With files from Alex Coop
Windows 7 is officially dead.
No, it won’t suddenly cease to function; as anyone who booted it up after the end-of-support deadline of January 14 discovered. It works just fine after you get past the full-screen warning from Microsoft that you’re now at risk since you’re running an unsupported operating system.
And they’re right. Once a product is out of support, any issues with it – be it functional bugs or security vulnerabilities – are the user’s problem, and hackers love to target the vulnerable.
That means there are a lot of people who could have problems. A survey conducted last fall among IT professionals by the analyst firm International Data Corporation (IDC) revealed that 18.7 per cent of Canadian businesses were still running Windows 7 on desktops and just under 12 per cent were running it on laptops.
However, the good news is that the survey indicated that those numbers will drop to 5.7 per cent of desktops and 4.1 per cent of portables within twelve months. And IDC believes the bulk of these users will be moving to Windows 10.
In large businesses with over 500 seats, the situation is worse: 25.7 per cent are running Windows 7 desktops, with the plan for that to drop to 8.2 per cent in a year.
According to Tim Brunt, program manager, personal computing and technology, at IDC Canada, that’s a “huge” number.
“It’s way bigger than anybody ever has been talking about on the street, that’s for sure. So there’s going to be a lot of activity on the desktop side for upgrades over the next 12 months.
“It’s a Windows dominated market obviously,” he went on. “But Apple shares of desktops right now are 6.1 per cent and that jumps to 7.2 per cent in 12 months. So there’s going to be a bit of a transition over to Macs on the desktop side of things. We don’t actually see that on the laptop side of things, which is interesting. Apple on the laptop side goes from 10.5 per cent to 11.1 per cent, so a little bit of a bump there. But Chrome goes from five to 5.9 per cent, an 18 per cent year over year gain, which is significant.”
The scary news is the survey also revealed that 3.3 per cent of companies are still running Windows XP, which went off support in April of 2014, and in a year 2.75 per cent still plan on having XP systems in-house.
“There are many reasons why people don’t upgrade, especially in a business environment,” noted Craig Tullett, vice-president of device sales at Microsoft Canada, in an email to IT World Canada. “They may be using legacy apps that don’t run on a modern OS or they may not think about tech as being ‘core’ to their business. So upgrading is not a priority.
“The other reason people have waited until the last minute is that they simply don’t realize how important it is to upgrade operating systems that are no longer supported,” he added. “In many cases, these are small businesses without a fulltime IT pro on staff that purchased their devices at a big box store. They care deeply about the safety and security of their business, but they’re just not aware of things like the lifecycle of their operating system.”
Or, although nobody seems to want to talk about it, people just love Windows 7 (I know I do, and was sad to move off it) and after the debacle that was Windows 8 are reluctant to dip their toes into a new OS. However, the good news is that Microsoft did learn something from the Windows 8 mess: the best of Windows 7 still lives in Windows 10. It’s a pretty safe transition.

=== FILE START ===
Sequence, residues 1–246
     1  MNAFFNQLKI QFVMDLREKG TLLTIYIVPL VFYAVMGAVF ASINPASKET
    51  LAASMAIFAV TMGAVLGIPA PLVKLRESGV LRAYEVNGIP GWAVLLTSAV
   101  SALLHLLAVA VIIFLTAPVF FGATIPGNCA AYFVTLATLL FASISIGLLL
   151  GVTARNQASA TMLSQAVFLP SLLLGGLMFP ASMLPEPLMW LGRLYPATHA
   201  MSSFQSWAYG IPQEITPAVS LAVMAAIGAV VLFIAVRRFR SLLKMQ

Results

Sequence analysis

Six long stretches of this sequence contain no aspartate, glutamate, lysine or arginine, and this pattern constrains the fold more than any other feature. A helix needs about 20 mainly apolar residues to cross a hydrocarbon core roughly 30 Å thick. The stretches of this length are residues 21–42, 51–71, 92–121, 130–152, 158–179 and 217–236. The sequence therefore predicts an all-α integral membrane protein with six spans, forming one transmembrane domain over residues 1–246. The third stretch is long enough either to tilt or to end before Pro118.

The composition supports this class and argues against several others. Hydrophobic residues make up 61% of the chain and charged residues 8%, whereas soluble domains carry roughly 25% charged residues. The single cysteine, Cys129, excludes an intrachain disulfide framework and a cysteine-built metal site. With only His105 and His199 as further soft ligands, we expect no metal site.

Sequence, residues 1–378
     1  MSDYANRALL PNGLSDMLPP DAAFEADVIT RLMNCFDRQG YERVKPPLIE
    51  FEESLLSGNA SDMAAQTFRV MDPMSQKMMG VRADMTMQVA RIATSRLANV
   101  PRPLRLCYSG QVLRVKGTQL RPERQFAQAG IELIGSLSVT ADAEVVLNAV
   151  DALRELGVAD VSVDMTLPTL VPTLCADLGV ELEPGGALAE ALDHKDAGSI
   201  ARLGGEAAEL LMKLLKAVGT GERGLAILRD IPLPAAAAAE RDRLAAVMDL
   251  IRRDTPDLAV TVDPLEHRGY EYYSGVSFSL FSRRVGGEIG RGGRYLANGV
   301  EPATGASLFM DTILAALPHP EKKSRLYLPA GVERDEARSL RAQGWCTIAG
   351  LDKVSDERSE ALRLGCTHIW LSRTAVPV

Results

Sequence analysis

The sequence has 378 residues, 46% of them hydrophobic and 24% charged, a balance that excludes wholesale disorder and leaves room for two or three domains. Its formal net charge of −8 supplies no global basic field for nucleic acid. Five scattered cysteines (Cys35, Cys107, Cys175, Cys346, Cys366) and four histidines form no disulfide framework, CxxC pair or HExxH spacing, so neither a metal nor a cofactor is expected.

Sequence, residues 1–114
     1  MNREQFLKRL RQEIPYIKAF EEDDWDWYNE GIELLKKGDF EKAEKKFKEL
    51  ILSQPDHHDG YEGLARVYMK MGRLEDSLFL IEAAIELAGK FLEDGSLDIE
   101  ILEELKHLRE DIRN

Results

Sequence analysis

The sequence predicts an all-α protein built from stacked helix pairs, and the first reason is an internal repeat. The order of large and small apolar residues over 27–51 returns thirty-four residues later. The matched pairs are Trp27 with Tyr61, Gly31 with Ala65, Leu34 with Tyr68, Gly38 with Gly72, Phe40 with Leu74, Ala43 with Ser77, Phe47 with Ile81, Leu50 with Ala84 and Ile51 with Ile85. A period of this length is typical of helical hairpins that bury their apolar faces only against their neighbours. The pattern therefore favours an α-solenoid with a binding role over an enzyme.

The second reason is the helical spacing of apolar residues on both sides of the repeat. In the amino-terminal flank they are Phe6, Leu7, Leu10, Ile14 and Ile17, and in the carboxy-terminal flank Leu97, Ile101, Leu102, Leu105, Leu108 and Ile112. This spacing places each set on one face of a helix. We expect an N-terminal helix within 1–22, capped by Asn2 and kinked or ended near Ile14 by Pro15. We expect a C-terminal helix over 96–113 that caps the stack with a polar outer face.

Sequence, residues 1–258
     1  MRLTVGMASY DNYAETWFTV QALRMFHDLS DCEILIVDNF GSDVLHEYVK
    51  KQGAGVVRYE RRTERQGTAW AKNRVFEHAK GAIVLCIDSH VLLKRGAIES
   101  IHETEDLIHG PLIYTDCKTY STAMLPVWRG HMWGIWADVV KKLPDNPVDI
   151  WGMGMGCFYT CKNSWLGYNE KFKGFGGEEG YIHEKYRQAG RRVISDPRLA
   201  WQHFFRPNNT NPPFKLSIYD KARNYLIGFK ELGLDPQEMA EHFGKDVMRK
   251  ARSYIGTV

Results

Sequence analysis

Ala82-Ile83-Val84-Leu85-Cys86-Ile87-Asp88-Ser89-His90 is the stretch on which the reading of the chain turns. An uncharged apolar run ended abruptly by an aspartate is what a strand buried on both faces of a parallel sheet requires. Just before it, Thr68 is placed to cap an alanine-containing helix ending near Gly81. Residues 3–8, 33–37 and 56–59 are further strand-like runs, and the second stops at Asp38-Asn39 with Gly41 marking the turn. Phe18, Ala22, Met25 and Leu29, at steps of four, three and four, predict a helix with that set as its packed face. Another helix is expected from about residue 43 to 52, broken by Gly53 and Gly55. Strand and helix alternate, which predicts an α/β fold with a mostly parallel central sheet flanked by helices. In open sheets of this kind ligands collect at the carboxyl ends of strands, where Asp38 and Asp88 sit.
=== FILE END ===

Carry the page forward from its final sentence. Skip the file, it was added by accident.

Brunt said he believes there’s a significant opportunity for the channel in the move from Windows 7 and Ali Naqvi, executive director, technology, at The NPD Group Canada, agrees. He said that resellers are seeing an uptick in conversations about the shift with their customers and both laptop and desktop unit sales are up.
But what if, for some reason, a company can’t migrate right away?
“The way they can mitigate the risk is to work with a solution provider who might have the ability to provide rehosting support for Windows 7,” Naqvi said. “But it’s a band-aid solution. Moving the systems (to a supported OS) as soon as possible is the best option. Doing nothing is not recommended.”
Sean Higgins, co-founder and chief technology officer for customer success at cybersecurity firm Herjavec Group, said in an email that he agreed with Naqvi.
“We always recommend that users upgrade to a supported operating system level. If they cannot upgrade, we recommend they isolate the applicable systems and limit the connectivity they have, especially to the rest of the network. If they are keeping those systems/devices on the network, make sure the security tools, like endpoint detection and response (EDR), continue to be operational. Many security vendors will not immediately drop support for Windows 7.”
Microsoft offers one other, potentially expensive option for Windows 7 business users: Extended Security Updates (ESU).
It’s a three-year program available to those with Windows 7 Professional and Windows 7 Enterprise, offered through volume licensing or through a cloud service provider. But it only includes security updates for issues deemed critical or important by Microsoft’s Security Response Center. Consider it another band-aid while systems are migrated or replaced.
Windows 7 is indeed dead.